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In one of his more popular vehicles from his 1940s heyday at Warner Brothers, Errol Flynn took a jab at biodrama with Gentleman Jim (1942), the fanciful portrait of 19th century heavyweight boxing champ James J. Corbett (1866-1933). While it's no secret that the screenplay took a surfeit of dramatic license regarding the details of Corbett's life, Flynn took extraordinary pains to replicate the groundbreaking fighter's fleet ring style, and the supporting performances ensured an engaging entertainment.
Corbett was the first champion to have won the title fighting under Queensbury rules, and his quiet respectable manner, uncharacteristic around the ring game, earned him his sobriquet. The screenplay, very freely adapted from his autobiography The Roar of the Crowd, opens in San Francisco circa 1887, where the young natty Corbett (Flynn) enjoyed gainful employ as a bank teller. After helping a prominent judge escape unnoticed from his attendance at an illegal bare-knuckle fight, Corbett is suddenly on the fast track at his workplace, and he wangles an invitation to the city's prestigious Olympic Club.
Once inside, Corbett earns a membership on the strength of his boxing skills. It isn't long before the club establishment wants to humble the brash youngster by arranging a fight with a pro. Once Corbett wins the contest by knockout, however, his professional career takes off, culminating in 1892 with his title confrontation against John L. Sullivan (Ward Bond).
Much of the film's substance was made out of whole cloth, with Corbett's 1886 marriage being conveniently shunted aside for a romance with a bank client's beautiful but standoffish daughter (Alexis Smith). Corbett's home life is broadly depicted as a roistering Irish household anchored by ebullient patriarch Alan Hale, sidestepping the murder/suicide that claimed Corbett's parents in real life. If accepted as Hollywood gloss, the film still entertains on the strength of the lead players, as well as those of the supporting cast such as Jack Carson in one of his patented wiseass-best-friend roles, and William Frawley as Corbett's ring man.
Behind the camera for Gentleman Jim was Raoul Walsh, who vividly recounted in his autobiography Each Man in His Time having the opportunity, as a boy, to meet the real Corbett. Walsh's father had taken him to watch a workout for then-current champ Jim Jeffries, and introduced him to Corbett, with whom he was acquainted. "I remember poking around the camp while they talked, inhaling the smells of sweat and leather and embrocation and deciding then and there that I would become a champion boxer," Walsh wrote. "It was just as unimaginable, of course, that one day I would film Corbett's life..."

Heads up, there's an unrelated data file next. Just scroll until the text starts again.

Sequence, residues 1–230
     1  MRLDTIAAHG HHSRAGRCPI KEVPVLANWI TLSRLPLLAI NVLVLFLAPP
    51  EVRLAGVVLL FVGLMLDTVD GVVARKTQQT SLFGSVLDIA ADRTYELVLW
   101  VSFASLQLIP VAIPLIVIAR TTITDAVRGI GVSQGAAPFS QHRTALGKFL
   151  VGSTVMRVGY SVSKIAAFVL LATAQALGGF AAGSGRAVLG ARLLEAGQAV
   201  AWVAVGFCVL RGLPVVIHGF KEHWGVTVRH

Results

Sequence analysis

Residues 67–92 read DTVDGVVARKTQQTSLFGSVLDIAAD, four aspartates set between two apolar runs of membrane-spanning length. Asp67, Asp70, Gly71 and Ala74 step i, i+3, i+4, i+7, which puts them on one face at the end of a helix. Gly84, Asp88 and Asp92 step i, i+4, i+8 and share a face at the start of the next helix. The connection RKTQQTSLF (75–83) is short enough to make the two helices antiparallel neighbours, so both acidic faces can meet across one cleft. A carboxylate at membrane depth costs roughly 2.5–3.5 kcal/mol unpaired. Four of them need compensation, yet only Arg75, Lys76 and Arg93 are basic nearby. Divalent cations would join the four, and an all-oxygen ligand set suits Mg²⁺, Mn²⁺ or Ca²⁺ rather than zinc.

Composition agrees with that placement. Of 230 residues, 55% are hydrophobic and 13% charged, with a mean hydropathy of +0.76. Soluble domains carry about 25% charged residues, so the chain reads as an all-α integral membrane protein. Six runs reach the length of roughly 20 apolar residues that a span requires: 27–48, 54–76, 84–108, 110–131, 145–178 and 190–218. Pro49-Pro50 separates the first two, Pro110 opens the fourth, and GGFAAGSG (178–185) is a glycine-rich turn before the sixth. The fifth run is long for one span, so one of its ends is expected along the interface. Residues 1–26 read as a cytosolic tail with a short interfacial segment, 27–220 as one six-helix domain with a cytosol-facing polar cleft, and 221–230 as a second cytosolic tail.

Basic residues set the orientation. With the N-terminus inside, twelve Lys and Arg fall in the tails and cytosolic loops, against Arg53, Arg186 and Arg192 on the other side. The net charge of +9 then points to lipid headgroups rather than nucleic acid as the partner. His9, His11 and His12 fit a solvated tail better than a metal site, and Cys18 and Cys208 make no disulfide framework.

Flynn was rarely doubled for in the fight sequences, consulting frequently with welterweight champ Mushy Callahan and boxing authority Ed Cochrane in his determination to replicate Corbett's approach in the ring style. Callahan's remembrances were documented in Charles Higham's Errol Flynn: The Untold Story. "Errol tended to use his right fist. I had to teach him to use his left and to move very fast on his feet...Luckily he had excellent footwork, he was dodgy, he could duck faster then anybody I saw. And by the time I was through with him, he'd jab, jab, jab with his left like a veteran."
The famously hard-partying Flynn had been wracked with assorted health problems in 1942, and it all culminated with his collapse during the filming of one of Gentleman Jim's fight sequences. While the studio had publicly chalked it up to fatigue, the doctors diagnosed a mild heart attack. Alexis Smith recounted in the biography, The Two Lives of Errol Flynn by Michael Freedland, how she took the star aside and told him, "'It's so silly, working all day and then playing all night and dissipating yourself. Don't you want to live a long life?' Errol was his usually apparently unconcerned self: 'I'm only interested in this half,' he told her. 'I don't care for the future.'"
Producer: Robert Buckner
Director: Raoul Walsh
Screenplay: James J. Corbett (autobiography), Vincent Lawrence, Horace McCoy
Cinematography: Sidney Hickox
Film Editing: Jack Killifer
Art Direction: Ted Smith
Music: Heinz Roemheld
Cast: Errol Flynn (James J. Corbett), Alexis Smith (Victoria Ware), Jack Carson (Walter Lowrie), Alan Hale (Pat Corbett), John Loder (Carlton De Witt), William Frawley (Billy Delaney).
BW-104m. Closed captioning.
by Jay S. Steinberg